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Killing the Mission Statement

The mission statement is probably the most outdated corporate invention of the last thirty years. The problem is that so many people are so intent on conforming to politically correct positions that they fail to communicate and simply regurgitate blinding glimpses of the obvious.

The template for a mission statement seems to be that it should be no more than five lines long, and written in staccato sentences that hit all the key buzzwords – customers, employees, integrity, profits and shareholder return.

Worse still, some of these “bulletins from Captain Obvious” actually find their way into corporate brochures. Do your customers really care that you are “focused purely on the local area” or that you plan to be “best of breed” or “make customer service the first priority”? They just want good products and services at a fair price and probably smile to themselves when they see you pontificating in your literature.

If you think about it, it is an absurd piece of egotism to take this final step, and these redundant and self-serving mission statements only land up in corporate brochures because they have been written with half an eye on the outside world in the first place. People think that they lend a sense of weight and dignity, but how many businesses will actually say anything new, useful and different in their mission statement?

A statement that establishes vision, strategy and direction is most definitely needed, but the “traditional” version of the mission statement seldom accomplishes this. What is needed is a vision statement, a road map that communicates the direction the company is taking.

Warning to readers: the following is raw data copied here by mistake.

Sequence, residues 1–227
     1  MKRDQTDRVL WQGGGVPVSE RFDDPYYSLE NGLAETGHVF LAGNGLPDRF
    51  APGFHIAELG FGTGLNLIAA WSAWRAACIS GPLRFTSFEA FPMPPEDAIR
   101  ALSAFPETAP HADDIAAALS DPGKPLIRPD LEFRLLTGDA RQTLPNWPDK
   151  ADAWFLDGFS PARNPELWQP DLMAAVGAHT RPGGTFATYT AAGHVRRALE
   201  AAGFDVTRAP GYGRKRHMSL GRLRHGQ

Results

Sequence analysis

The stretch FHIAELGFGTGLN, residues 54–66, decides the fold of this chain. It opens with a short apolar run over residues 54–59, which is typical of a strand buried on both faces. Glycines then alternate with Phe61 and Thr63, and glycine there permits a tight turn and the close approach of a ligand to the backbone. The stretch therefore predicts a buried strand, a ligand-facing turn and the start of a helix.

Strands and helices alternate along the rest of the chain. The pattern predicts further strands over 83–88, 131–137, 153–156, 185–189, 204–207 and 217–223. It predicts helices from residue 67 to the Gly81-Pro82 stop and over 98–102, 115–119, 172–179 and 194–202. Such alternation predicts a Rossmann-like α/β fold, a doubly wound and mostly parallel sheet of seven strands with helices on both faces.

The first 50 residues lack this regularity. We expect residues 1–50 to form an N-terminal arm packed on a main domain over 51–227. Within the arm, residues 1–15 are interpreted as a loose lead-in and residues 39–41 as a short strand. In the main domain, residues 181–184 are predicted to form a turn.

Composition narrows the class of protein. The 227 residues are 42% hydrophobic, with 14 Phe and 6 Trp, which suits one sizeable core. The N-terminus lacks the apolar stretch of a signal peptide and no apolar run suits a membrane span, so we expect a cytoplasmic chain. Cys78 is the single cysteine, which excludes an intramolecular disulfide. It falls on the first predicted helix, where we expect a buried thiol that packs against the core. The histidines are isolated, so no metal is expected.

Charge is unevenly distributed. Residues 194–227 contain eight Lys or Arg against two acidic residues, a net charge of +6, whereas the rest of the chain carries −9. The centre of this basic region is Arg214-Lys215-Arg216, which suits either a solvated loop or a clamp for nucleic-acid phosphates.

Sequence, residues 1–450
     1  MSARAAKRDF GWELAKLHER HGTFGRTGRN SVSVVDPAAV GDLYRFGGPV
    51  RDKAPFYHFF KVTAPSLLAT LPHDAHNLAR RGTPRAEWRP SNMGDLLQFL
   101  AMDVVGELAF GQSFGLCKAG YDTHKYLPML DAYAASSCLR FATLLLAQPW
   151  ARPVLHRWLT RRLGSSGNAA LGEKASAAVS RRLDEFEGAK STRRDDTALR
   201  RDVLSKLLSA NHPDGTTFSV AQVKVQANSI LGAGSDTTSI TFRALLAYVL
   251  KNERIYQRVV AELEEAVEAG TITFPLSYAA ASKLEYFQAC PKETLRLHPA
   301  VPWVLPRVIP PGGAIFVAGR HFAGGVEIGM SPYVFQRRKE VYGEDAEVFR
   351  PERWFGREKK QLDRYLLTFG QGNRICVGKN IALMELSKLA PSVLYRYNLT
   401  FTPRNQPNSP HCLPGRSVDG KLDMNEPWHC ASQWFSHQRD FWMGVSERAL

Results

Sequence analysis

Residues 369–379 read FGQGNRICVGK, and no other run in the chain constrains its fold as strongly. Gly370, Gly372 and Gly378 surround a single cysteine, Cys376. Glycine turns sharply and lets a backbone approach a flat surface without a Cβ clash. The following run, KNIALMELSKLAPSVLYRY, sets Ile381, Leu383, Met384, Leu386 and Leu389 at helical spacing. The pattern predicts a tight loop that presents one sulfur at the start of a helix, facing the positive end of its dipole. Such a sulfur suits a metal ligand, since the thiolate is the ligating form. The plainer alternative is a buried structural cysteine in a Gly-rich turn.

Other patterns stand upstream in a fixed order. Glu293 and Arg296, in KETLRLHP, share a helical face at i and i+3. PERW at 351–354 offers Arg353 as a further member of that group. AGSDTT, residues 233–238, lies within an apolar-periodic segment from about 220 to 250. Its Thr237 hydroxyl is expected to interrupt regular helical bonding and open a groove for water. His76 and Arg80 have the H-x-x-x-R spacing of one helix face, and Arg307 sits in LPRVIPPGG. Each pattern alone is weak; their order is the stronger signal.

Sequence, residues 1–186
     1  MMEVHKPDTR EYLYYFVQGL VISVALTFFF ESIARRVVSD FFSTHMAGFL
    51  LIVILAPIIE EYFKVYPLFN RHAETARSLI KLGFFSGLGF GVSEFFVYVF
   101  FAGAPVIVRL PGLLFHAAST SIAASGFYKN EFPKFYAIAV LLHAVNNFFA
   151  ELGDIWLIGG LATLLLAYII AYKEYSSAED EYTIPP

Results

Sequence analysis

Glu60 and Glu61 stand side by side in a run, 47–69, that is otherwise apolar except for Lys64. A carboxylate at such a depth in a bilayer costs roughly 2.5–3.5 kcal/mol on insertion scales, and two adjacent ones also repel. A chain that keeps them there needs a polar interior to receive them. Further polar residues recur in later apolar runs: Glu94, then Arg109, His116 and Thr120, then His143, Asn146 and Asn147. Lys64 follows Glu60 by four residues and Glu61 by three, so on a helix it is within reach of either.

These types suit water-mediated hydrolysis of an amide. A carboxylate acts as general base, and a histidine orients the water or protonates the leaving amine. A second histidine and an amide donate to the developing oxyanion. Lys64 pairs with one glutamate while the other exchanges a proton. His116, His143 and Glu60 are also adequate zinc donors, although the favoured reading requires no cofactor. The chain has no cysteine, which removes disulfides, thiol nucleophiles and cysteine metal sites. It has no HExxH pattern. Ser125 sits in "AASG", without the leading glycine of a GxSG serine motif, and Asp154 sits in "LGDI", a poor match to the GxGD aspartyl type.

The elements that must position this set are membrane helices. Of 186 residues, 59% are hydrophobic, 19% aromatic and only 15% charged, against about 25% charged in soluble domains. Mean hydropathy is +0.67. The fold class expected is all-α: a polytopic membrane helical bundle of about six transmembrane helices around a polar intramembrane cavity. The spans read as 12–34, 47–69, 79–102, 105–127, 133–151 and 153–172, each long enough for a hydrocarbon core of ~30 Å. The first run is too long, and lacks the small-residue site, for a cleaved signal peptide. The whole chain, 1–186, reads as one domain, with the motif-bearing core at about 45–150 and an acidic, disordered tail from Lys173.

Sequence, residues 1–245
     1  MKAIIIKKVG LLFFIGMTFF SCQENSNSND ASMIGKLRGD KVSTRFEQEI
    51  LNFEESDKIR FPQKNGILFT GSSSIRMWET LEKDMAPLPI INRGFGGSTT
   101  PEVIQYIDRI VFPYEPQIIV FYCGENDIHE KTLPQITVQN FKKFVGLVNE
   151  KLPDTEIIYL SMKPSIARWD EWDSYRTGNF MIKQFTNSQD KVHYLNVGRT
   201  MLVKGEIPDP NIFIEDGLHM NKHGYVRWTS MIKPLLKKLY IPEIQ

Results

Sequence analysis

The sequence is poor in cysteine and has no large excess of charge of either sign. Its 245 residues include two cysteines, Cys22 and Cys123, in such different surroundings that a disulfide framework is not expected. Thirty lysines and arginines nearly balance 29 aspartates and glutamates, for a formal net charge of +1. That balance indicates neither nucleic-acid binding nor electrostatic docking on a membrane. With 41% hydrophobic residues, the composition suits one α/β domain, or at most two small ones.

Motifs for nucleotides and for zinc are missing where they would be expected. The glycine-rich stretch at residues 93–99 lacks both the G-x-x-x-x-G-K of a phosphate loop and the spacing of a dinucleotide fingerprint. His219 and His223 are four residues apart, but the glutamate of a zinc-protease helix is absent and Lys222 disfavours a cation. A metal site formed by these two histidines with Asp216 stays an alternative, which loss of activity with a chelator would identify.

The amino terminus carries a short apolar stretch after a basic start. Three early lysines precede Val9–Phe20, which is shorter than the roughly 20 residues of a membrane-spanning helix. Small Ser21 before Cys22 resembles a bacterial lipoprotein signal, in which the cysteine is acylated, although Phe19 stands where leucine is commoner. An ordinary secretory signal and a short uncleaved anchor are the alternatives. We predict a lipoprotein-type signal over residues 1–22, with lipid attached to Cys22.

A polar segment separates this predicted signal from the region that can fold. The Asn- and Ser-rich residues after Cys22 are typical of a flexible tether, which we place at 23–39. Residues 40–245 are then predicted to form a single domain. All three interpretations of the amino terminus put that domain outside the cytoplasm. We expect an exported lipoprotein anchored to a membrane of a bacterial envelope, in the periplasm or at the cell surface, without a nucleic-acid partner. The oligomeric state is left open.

It exists, first and foremost for the management, employees and shareholders of the company, and should address the following issues.

  • Core competencies. Identify the products and services that are central to your core business
  • Business reach Define parameters that govern where you will do business, the types of products and services you will offer and the kinds of customers you want.
  • Culture Clearly state your values and how you expect to deal with employees, customers and suppliers. 
  • Vision and Goals Paint a picture of where the company wants to be in a three to five year time-frame

The vision statement should be communicated with your managers and should address such fundamentals as the products and services you want to offer and the type of growth you want to experience – a 40% growth rate calls for a very different culture than a 10% growth rate.

It should serve as a set of parameters that will determine what decisions are made. If it is clear that you only want customers in a certain industry vertical or geographical region, for instance, that should be spelt out in the vision statement and it will direct decisions by subordinates without needing to be referred to the CEO every time.

And if it is really well done and if you really feel you must, you can even put it in your corporate brochure!